Voices: Kyrsten Sinema changed her mind — but now Bernie Sanders is an issue

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Kyrsten Sinema leaves her office to walk to the Senate floor  (Getty Images)
Kyrsten Sinema leaves her office to walk to the Senate floor (Getty Images)

Senate Minority Leader Chuck Schumer announced on Thursday that the Senate would reconvene on Saturday for a vote on a motion to proceed with the Inflation Reduction Act of 2022.

Many people expected the vote on the Democrats’ signature climate and health care legislation to happen over the weekend, so Schumer’s announcement was not that surprising. What was shocking – and perhaps a bit perplexing – is that Schumer was willing to do this despite the fact that the legislation still has no guarantee of passing. Specifically, Kyrsten Sinema — the conservative Arizona Democrat who has vexed colleagues in her party — had yet to pledge her support.

Incidentally, when the Majority Leader approached his lectern and announced the next time the Senate would meet, Sinema was seen chatting with Joe Manchin, whom Schumer had just spent months courting before the two struck a deal last week. But since Democrats have only 50 Senate seats, that means that they need to wrangle every member of their caucus to vote for the legislation before calling on Kamala Harris to break the resulting tie. Sinema is just as important.

Specifically, Sinema didn’t pledge her immediate support because she objected to closing what is often known as the “carried interest loophole”. As things stand, the tax code allows for general partners of a private investment fund such as a hedge fund or a venture capital firm to have their income taxed as capital gains rather than as income. Since capital gains is taxed at a lower rate, many Democrats consider this an unfair advantage for the wealthiest individuals in America.

With this hurdle still in place, it was hard to know what Sinema was thinking. The “Manchinema” moniker — often deployed to describe the positions of Sinema and Manchin in the same breath — implies a mind-meld between the two most famous conservative Democrats. But that muddles the facts, as the two actually diverge on a lot — including their approaches to the press.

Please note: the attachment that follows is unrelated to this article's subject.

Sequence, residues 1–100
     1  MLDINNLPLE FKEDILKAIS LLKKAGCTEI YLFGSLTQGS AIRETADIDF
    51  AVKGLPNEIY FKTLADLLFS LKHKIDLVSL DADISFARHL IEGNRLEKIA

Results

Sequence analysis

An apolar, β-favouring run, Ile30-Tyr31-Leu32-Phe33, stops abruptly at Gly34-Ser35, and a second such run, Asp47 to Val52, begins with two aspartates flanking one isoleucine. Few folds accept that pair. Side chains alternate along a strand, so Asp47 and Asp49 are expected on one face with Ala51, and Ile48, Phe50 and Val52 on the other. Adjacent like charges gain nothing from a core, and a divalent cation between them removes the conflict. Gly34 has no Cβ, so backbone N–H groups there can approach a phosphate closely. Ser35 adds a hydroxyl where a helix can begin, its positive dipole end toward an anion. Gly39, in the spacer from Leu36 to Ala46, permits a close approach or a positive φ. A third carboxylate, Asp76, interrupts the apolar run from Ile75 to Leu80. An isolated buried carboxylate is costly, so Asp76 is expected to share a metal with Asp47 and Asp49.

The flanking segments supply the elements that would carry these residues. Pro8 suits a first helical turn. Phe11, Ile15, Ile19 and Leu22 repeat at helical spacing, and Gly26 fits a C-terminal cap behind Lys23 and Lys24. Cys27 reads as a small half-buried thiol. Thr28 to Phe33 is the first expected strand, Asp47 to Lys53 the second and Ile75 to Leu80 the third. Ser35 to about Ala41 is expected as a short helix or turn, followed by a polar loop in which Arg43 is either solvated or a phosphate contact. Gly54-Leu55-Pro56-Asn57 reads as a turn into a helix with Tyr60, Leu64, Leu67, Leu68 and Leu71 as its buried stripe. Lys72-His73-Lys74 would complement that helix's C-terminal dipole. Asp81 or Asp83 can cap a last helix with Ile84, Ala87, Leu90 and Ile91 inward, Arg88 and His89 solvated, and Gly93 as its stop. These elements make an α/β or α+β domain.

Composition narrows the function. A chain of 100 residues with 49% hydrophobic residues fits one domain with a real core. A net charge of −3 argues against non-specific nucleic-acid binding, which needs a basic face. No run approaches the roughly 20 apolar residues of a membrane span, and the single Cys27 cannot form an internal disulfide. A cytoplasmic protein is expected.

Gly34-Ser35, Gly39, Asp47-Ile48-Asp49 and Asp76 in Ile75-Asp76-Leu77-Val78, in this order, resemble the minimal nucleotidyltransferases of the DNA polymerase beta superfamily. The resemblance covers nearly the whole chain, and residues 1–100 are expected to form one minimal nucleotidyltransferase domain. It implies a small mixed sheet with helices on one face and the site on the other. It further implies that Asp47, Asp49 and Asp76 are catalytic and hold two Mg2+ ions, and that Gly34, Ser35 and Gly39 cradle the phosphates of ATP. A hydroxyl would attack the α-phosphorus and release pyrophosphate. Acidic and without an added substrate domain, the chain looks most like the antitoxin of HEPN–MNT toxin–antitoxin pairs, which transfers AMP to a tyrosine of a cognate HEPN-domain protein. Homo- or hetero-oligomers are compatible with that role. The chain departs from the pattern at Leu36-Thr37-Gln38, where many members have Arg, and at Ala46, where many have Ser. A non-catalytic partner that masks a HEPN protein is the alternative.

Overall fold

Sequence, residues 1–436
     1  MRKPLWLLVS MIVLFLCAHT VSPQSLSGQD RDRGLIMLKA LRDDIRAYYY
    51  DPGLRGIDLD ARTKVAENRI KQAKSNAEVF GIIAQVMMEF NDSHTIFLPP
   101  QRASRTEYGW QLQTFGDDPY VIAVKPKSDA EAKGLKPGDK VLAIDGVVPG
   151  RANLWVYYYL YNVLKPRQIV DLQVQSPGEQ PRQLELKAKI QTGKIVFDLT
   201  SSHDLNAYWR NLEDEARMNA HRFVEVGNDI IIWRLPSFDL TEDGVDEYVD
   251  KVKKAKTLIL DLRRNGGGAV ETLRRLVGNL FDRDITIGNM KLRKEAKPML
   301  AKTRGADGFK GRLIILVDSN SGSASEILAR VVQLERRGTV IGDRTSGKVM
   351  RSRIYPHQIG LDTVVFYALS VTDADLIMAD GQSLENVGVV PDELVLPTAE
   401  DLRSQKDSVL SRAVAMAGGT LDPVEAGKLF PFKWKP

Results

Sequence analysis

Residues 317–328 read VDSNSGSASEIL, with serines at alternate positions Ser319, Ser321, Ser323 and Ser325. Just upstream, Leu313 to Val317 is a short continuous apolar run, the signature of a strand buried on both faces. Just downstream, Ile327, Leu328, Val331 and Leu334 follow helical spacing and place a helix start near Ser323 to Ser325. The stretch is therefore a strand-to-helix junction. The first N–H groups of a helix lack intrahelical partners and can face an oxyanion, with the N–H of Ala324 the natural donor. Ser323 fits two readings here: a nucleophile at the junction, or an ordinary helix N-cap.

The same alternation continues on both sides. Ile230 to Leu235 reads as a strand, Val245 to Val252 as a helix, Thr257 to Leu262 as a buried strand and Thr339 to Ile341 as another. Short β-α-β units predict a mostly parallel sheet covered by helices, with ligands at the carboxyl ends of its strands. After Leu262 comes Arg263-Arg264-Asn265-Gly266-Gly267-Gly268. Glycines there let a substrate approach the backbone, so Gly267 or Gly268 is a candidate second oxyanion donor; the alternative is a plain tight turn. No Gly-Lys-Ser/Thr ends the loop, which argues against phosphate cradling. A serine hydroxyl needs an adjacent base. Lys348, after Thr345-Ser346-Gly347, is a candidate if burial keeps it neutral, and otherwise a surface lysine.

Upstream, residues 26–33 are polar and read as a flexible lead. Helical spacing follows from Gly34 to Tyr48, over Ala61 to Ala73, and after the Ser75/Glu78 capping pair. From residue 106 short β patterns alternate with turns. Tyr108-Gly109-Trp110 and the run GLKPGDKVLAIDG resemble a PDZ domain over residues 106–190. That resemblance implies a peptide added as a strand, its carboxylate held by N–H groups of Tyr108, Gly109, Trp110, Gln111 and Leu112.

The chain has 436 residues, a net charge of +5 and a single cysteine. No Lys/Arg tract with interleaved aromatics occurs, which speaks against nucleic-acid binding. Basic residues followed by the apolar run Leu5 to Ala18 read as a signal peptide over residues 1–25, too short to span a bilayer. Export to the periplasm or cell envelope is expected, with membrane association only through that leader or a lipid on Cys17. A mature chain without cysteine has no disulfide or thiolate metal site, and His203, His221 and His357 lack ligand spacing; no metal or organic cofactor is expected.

Where Sinema’s silent treatment of the Capitol press corps makes her position on any particular topic inscrutable, Manchin often relishes being in front of a camera (except when he tells us “Just get out of my way if you will”). On Thursday, when your reporter tried to speak to him, he told me that there would be a press gaggle.

The gaggle never came – though at one point during his huddle with Sinema, Manchin glanced up at the Senate press gallery and gave a slight grin. It seemed he was having a good time making the hard sell.

Then, on Thursday evening, the unthinkable happened: Sinema released a statement saying that she and Democrats had reached an agreement. “We have agreed to remove the carried interest tax provision, protect advanced manufacturing, and boost our clean energy economy in the Senate’s budget reconciliation legislation,” she said.

This isn’t to say Democrats are in the clear. They now have to wait until Senate Parliamentarian Elizabeth MacDonough finishes the scrub of the legislation in a process known as the “Byrd Bath” – named for Manchin’s West Virginian predecessor, Robert Byrd – which determines whether budget legislation is “extraneous”.

Similarly, the reconciliation process requires a “vote-a-rama,” wherein the Senate votes at least 15 times within one day. A vote-a-rama often allows for members to propose various amendments to legislation. That could give the GOP an opening to try and burden the bill too heavily for it to pass: Senator Bob Menendez of New Jersey warned on MSNBC earlier this week that he would sink the legislation if Republicans put in poison-pill amendments regarding immigration.

But it’s not just Republicans who might try and amend it. Earlier this week, Senate Budget Committee Chairman Bernie Sanders decried the legislation for leaving out many parts of the proposed Build Back Better bill that Manchin ultimately killed.

“Now is the time for every member of the Senate to study this bill thoroughly,” the Vermont Senator said, “and to come up with amendments and suggestions as to how we can improve it.”